·      Michael Shuman, "Put Your Money Where Your Life Is: Americans want to invest locally. What's stopping them?," Yes! Summer 2009

·      Woody Tasch, "Slow Money, Manure and Prudence," Green Money Journal, Summer 2009

·      Hazel Henderson, "Reforming Global Finance: The New Financiers," Ethical Markets, February 2009

·      Matt Taibbi, "Wall Street's Bailout Hustle," Rolling Stone magazine, Feb. 17, 2010


·         Bill Moyers Journal:  Simon Johnson and James Kwak on US Banking Reform, April 10, 2010


§  Social Investment Organization

§  RSF Social Finance

§  New Resource Bank                

§  Social

§  RBC Jantzi Funds

§  Green Money Journal

§  Calvert Foundation

§  Domini Social Investments



April 29

Community Indicators of Real Wealth

with Rosalyn J. Morrison and Mini Alakkatusery of Toronto Community Foundation on Toronto's Vital Signs 

rosalyn3.jpgRosalyn (left) is VP for Community Initiatives, and Mini is Program Manager, at Toronto Community Foundation, one of Canada's largest charitable foundations. As an independent public foundation, TCF is uniquely positioned to be a catalyst for change and achieve its mission of connecting philanthropy with community needs and opportunities. More than 300 individual and family donors, high-impact communityMini Alakkatusery small.jpg

organizations, and cross-sector leaders are mobilized to tackle complex, quality of life issues in creative and inspiring ways to ensure the vitality of Toronto and make it the best place to live, work, learn and grow through the power of giving. This community leadership is facilitated by identifying issues in Toronto's Vital Signs, a quality of life report, convening cross-sector leaders to explore solutions, and investing in these solutions through grant programs and special city-building initiatives. 


Articles and Links

·         Donovan Vincent, "Poor Get Poorer in an Affluent City," Toronto Star special section on Vital Signs 2009, The Star, October 6, 2009

·         TCF website: Toronto's Vital Signs 2009

·         Toronto Star special section: Vital Signs Report: includes articles on 2009, ECONOF~2.jpg2008 and 2007 reports

·         Ontario Community Sustainability Report 2007, Pembina Institute report

·         John Talberth, “A New Bottom Line for Progress,” Chapter 2, The State of the World 2008, NY/Washington: Worldwatch Institute, 2008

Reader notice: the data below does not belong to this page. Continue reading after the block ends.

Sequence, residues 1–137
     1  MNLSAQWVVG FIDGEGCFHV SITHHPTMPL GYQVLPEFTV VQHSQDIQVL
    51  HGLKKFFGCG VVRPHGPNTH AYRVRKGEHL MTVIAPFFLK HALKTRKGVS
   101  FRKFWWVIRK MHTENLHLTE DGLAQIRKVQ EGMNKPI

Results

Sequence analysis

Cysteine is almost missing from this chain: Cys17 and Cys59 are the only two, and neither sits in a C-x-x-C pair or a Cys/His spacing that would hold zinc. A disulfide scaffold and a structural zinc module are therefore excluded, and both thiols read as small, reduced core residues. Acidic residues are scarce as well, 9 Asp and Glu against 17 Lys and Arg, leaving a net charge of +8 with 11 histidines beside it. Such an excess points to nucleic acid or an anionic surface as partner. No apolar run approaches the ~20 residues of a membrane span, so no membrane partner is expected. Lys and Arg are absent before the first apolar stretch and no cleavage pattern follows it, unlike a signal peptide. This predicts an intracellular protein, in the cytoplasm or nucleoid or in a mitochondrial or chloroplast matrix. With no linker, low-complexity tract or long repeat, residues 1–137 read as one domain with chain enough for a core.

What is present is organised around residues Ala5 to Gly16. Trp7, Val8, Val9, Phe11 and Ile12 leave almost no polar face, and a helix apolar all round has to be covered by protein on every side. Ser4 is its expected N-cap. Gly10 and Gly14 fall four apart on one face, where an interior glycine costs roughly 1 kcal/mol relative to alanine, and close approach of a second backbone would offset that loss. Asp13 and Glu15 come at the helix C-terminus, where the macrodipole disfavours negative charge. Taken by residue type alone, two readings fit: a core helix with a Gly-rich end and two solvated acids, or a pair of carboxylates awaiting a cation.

·         Linda Baker,  Real Wealth: The Genuine Progress Indicator Could Provide an Environmental Measure of the Planet's Health”, E Magazine, Volume X, Number III, May-June 1999  

·         Happy Planet Index, New Economics Foundation

·         Neighorhood Sustainability Indicators Guidebook: How to create neighorhood sustainability indicators in your neighborhood, Urban Ecology Coalition, Minneapolis, 1999

Sustainable Measures (Maureen Hart)

Redefining Progress

Sustainable Seattle

Global Footprint Network



May 6

The Built Environment

martin1with Martin Liefhebber, green architect and community designer.  Martin is an award-winning designer most well-known for the off-the-grid CMHC Healthy House and the Wilson Natural Home—but the scope of his pioneering work includes straw bale, rammed earth and “earthship” buildings, as well as radically affordable shelter for the homeless and participatory community design.  Social justice, human health, ecological regeneration, community vitality and spiritual renewal are all part of Martin’s design concerns.   He is proficient in both the theory and practice of ecological design, serving as an adjunct assistant professor of architecture at the University of Toronto.  Martin was presented a Lifetime Achievement Award for his contributions to green building and sustainable communities at the 2005 at the Toronto Regional Green Building Festival. 

feature:  Martin on the Embodied Energy of Existing Buildings 

Readings & Links:naturalbuilding1.jpg


  May 13

Green Manufacturing & Insourcing

with Sarah Winterton, Environmental Defence and Blue-Green Canada

    and Andy King, United Steel Workers and Blue-Green Canada

sarahWinterton3.gifSarah is the Education and Outreach Director at Environmental Defence, a national environmental NGO that has been at the forefront of a range of important environmental campaigns, research and education.  Sarah is a vet of over 20 years of environmental activism and networking.  Her many areas of expertise include toxics and eco-tourism, having served as national coordinator for the Blue Flag program, an international eco-certification program for beaches and marinas.  In Blue-Green Canada, Sarah is not only building alliances between labour and environmentalists, and developing policy pressure on government for action to create green jobs, but also coordinating pioneering research into supply chains to reveal practical possibilities for green manufacturing domestically.